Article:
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I'm using MySQL's LOAD DATA INFILE to import a CSV of about 150k rows nightly on a cronjob.

The table definition is simple (CSV contains all columns except for ID):

CREATE TABLE products (
    id int(10) unsigned auto_increment
    category varchar(30) NOT NULL,
    subtype varchar(30) NOT NULL,
    manufacturer varchar(50) NOT NULL,
    part varchar(100) NOT NULL,
    PRIMARY KEY (id),
    UNIQUE KEY mfg_part (manufacturer,part)

I'm not sure how to handle deleting records that are no longer in the CSV.

My attempt:
My idea was to add a batch number to the table and have LOAD DATA INFILE update each existing record with the latest batch number. A delete query would then remove all records whose batch number is not the latest. The load data query used for this is:

LOAD DATA INFILE '/path/to/products.csv'
(`category`, `subtype`, `manufacturer`, `part`)
SET `batch` = $newBatchNumber

Doesn't work though because SET batch causes MySQL to see each row as a whole new record, rather than updating the old batch number to the new.

Is there a way around this?

As it stands, the only other alternative I can think of is to switch from LOAD DATA INFILE to batches of INSERT ... ON DUPLICATE KEY UPDATE queries.

share|improve this question
If you want to have only records in your table that are also in the CSV file, then why not issue a TRUNCATE Table before importing the CSV? – Chris Feb 21 '12 at 20:38
I clarified my post a little. The CSV does not contain IDs, so a truncate could cause products to be imported with different ID's than before. Using ID's in URL currently, so it would break URLs. I suppose I could modify the URL structure so an ID is not necessary, but I'd prefer not to. – simshaun Feb 21 '12 at 20:41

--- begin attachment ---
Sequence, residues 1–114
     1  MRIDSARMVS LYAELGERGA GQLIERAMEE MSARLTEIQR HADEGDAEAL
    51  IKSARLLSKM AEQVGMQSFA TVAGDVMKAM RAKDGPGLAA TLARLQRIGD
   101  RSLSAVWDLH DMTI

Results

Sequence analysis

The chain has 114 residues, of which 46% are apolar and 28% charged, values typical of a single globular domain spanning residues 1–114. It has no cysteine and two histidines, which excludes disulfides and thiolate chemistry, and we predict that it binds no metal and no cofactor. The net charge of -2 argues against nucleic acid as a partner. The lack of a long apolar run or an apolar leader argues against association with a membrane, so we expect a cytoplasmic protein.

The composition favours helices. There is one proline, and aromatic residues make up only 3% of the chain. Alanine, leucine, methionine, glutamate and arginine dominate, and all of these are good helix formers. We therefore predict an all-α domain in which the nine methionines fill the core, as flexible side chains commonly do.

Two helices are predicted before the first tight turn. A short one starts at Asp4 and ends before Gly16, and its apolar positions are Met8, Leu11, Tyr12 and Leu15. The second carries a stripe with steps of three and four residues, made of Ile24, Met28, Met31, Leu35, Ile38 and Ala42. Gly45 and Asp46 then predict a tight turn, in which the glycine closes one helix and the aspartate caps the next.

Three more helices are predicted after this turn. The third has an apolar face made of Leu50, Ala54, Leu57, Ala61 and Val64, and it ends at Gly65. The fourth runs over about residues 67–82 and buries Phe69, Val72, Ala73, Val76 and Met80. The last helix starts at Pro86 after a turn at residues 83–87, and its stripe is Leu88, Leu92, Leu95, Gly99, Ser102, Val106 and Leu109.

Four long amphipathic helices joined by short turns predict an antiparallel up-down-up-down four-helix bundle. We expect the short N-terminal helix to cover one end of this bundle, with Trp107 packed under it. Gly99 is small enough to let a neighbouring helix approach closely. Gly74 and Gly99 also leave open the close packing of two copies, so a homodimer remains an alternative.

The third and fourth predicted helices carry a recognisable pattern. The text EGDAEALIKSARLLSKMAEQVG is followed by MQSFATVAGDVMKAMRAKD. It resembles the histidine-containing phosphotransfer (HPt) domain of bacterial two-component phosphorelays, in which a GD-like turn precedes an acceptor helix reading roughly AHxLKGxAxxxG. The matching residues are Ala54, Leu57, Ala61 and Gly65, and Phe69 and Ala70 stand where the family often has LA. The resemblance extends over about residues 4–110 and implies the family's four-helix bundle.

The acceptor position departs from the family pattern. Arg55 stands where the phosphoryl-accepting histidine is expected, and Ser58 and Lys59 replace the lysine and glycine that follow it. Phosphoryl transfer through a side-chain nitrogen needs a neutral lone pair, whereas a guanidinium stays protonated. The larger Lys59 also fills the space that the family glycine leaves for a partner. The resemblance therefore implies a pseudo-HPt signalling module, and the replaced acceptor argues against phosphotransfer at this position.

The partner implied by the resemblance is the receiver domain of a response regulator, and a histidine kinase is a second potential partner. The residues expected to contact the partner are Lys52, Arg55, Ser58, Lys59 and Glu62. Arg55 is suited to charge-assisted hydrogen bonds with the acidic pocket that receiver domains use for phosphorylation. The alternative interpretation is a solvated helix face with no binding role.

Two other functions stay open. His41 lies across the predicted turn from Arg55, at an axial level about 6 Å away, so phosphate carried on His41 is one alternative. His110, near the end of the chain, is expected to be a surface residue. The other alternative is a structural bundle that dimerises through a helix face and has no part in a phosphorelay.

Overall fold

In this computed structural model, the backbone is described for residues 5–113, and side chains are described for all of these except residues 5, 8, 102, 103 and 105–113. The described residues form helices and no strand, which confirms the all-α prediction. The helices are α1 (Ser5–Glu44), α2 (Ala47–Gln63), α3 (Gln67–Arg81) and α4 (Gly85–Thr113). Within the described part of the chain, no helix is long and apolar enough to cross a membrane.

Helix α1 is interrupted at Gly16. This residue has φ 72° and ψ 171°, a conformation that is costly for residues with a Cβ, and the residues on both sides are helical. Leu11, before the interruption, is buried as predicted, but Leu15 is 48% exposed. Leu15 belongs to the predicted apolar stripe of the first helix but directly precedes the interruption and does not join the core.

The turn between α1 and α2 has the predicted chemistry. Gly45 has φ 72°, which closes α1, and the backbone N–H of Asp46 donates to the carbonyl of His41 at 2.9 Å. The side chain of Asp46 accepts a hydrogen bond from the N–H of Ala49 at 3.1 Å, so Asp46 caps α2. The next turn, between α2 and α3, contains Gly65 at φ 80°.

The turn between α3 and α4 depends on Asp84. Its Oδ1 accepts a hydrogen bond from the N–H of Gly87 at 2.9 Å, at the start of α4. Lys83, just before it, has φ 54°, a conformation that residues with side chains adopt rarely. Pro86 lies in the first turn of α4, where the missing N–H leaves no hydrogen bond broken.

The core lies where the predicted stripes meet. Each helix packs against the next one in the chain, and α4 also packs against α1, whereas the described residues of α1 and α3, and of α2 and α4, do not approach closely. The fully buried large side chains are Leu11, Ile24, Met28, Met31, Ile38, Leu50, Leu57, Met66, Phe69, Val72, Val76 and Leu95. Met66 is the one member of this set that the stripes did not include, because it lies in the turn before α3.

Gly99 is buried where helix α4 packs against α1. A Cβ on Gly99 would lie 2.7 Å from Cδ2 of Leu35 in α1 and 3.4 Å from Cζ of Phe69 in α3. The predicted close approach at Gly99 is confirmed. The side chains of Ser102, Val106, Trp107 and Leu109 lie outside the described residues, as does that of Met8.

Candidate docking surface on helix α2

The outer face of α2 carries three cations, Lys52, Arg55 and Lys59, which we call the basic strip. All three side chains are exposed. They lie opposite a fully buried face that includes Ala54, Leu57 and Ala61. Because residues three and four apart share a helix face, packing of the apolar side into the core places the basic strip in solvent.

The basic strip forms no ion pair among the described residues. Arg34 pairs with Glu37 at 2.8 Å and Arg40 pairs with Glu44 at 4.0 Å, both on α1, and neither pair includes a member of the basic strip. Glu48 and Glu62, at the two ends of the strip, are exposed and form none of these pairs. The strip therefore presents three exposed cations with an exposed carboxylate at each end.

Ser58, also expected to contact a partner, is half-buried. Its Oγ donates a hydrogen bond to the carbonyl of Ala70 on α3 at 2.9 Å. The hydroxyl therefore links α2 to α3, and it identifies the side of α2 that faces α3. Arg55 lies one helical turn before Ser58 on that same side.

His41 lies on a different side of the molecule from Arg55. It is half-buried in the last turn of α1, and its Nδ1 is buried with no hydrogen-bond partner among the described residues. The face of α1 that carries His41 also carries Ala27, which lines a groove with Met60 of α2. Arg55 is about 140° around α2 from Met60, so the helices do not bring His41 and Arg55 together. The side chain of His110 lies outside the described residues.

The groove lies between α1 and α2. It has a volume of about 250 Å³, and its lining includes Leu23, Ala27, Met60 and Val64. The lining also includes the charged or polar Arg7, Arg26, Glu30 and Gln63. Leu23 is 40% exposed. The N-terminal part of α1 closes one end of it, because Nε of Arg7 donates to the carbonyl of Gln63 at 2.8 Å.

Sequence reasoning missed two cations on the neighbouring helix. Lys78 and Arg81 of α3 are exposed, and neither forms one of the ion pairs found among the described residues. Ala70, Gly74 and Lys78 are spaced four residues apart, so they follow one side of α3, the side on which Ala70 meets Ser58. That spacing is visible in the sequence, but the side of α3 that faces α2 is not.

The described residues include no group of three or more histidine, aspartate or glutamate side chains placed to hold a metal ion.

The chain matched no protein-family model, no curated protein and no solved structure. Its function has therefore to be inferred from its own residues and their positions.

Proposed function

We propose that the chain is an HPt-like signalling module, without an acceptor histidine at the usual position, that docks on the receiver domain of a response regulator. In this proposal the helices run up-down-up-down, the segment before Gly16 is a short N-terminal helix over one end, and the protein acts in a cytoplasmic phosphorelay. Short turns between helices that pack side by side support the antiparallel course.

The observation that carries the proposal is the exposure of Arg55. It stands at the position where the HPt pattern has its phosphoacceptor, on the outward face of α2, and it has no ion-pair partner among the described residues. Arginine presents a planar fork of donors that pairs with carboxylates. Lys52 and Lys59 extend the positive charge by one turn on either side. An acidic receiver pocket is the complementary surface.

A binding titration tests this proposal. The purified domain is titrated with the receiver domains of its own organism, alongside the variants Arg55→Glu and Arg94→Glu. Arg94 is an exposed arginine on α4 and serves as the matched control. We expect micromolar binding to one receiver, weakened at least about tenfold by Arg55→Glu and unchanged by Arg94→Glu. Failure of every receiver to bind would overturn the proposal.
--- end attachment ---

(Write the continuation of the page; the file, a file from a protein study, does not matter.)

Hmm. Using INSERT ... ON DUPLICATE KEY UPDATE wouldn't get rid of products that are not in the CSV file but do exist in the table, right? If I were you, I'd switch to using the real unique identifier in your URLs (manufacturer + part). Then you can simply do a TRUNCATE statement before your LOAD DATA INFILE. And if your DB server ever crashes, you'll still be able to regenerate the table without having to alter any URLs at all (which would be a problem if you keep relying on the arbitrary auto-increment column). – Daan Feb 21 '12 at 22:48
@Daan, If I were to use the INSERT query, I would run the DELETE query after it. I am considering using just the mfg+part combo for the URL though. It would make things easier in the long run. – simshaun Feb 21 '12 at 23:00
Oh right, that's what the batch number would be for. Well, I'd still use the mfg+part combo, but maybe someone else has a great solution :) – Daan Feb 21 '12 at 23:12

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